Physics Colloquium: The Uncanny Physics of Superhero Comic Books
Thursday, February 4, 2021
3:30 PM-4:30 PM
James Kakalios, PhD,
University of Minnesota,
School of Physics and Astronomy
In 2001 I created a Freshman Seminar class at the University of Minnesota entitled: "Everything I Know About Science I Learned from Reading Comic Books." This is a real physics class, that covers topics from Isaac Newton to the transistor, but there’s not an inclined plane or pulley in sight. Rather, ALL the examples come from superhero comic books, and as much as possible, those cases where the superheroes get their physics right!
This class drew a great deal of media attention in 2002 with the release of the first Spider-Man film and led to my writing a popular science book THE PHYSICS OF SUPERHEROES. My talk will show how superhero comic books can be used to illustrate fundamental physics principles. For example, was it “the fall” or “the webbing” that killed Gwen Stacy, Spider-Man’s girlfriend in the classic Amazing Spider-Man # 121? How does Kitty Pryde from the X-Men comics and movies use quantum mechanics to walk through walls? Why does the Flash become heavier as he tries to run at the speed of light? All this, and the answers to such important real-life questions as how graphene saved Iron Man’s life, the chemical composition of Captain America’s shield, and who is faster: Superman or the Flash? will be discussed.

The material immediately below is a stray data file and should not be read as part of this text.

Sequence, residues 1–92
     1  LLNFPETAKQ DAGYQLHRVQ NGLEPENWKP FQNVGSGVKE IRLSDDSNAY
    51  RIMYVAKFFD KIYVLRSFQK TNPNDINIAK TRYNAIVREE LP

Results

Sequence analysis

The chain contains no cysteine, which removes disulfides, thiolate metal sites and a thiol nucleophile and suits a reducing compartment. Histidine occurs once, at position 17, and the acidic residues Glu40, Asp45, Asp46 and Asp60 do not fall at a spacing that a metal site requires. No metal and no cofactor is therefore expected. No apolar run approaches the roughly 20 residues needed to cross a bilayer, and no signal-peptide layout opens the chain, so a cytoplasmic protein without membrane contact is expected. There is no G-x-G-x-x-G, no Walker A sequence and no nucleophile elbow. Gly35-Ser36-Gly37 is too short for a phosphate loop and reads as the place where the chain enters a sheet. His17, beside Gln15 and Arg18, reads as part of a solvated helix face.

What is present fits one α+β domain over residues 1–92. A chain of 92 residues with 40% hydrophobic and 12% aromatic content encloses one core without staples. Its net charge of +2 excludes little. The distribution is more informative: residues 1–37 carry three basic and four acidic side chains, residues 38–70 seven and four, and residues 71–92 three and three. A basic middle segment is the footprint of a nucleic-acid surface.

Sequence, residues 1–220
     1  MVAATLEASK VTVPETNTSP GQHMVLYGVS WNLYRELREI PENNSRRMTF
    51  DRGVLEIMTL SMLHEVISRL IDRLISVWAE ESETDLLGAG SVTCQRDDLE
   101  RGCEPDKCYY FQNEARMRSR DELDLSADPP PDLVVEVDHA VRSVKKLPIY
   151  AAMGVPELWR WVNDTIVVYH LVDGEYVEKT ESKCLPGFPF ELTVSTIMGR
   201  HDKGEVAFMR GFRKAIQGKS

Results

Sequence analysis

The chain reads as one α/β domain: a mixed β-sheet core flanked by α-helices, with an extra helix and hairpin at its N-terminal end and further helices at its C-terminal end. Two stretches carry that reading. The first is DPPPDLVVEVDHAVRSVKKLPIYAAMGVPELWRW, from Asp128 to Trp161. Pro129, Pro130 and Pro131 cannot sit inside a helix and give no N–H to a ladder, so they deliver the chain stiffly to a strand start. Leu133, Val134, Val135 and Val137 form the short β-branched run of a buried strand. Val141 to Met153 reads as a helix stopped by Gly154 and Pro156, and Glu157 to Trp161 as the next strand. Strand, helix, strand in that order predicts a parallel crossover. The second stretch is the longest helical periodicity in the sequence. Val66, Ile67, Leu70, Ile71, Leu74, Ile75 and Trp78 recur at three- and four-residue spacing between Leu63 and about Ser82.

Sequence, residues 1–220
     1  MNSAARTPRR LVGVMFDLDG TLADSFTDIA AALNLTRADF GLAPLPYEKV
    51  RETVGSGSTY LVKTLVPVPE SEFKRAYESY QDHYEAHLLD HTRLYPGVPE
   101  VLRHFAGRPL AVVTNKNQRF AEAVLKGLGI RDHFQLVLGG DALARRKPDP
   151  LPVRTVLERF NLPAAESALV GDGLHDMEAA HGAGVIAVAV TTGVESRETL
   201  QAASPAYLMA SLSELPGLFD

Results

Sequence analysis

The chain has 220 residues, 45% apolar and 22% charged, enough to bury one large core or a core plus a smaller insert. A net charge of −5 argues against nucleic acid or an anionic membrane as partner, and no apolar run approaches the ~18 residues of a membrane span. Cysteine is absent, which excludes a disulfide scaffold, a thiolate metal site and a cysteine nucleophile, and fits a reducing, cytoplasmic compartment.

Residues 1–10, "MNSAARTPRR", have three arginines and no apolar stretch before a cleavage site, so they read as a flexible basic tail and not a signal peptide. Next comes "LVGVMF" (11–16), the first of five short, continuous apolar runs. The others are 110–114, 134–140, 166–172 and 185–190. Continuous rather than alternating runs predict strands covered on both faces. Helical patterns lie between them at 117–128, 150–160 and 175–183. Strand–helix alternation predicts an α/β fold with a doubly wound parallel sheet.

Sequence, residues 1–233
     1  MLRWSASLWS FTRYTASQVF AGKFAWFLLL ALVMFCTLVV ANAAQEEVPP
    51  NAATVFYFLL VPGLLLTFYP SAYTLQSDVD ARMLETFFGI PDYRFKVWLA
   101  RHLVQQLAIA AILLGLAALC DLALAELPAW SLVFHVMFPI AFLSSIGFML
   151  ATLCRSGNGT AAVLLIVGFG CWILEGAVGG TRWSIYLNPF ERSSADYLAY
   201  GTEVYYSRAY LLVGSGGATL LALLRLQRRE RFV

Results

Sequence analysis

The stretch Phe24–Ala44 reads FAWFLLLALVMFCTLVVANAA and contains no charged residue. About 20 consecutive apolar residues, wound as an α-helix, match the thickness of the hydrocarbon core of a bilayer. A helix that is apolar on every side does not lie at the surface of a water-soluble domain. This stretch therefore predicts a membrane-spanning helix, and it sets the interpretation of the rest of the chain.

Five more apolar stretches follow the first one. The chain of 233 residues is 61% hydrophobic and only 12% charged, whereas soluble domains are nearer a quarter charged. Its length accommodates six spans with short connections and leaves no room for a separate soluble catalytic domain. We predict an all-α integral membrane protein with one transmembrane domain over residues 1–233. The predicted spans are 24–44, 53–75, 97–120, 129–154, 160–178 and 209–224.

Brief Biography: (see also: www.kakalios.com)
James Kakalios is the Taylor Distinguished Professor in the University of Minnesota’s School of Physics and Astronomy. He received his Ph.D. in Physics from the University of Chicago in 1985; worked as a post-doctoral research associate at the Xerox – Palo Alto Research Center; and then in 1988, having had enough of those California winters, joined the faculty of the School of Physics and Astronomy at the University of Minnesota. His research interests include nanocrystalline and amorphous semiconductors, pattern formation in sandpiles and fluctuation phenomena in neurological systems.
His popular science book THE PHYSICS OF SUPERHEROES was published in 2005 in the U.S. and the U.K. and has been translated into six languages. The SPECTACULAR SECOND EDITION was published in November 2009, followed by THE AMAZING STORY OF QUANTUM MECHANICS in 2010. His latest book THE PHYSICS OF EVERYDAY THINGS: The Extraordinary Science Behind an Ordinary Day was published by Crown Books in May 2017.
He is a Fellow of the American Physical Society (APS) and the American Association for the Advancement of Science (AAAS), and has served as the Chair (2015) of the APS
Professor Jorn Venderbos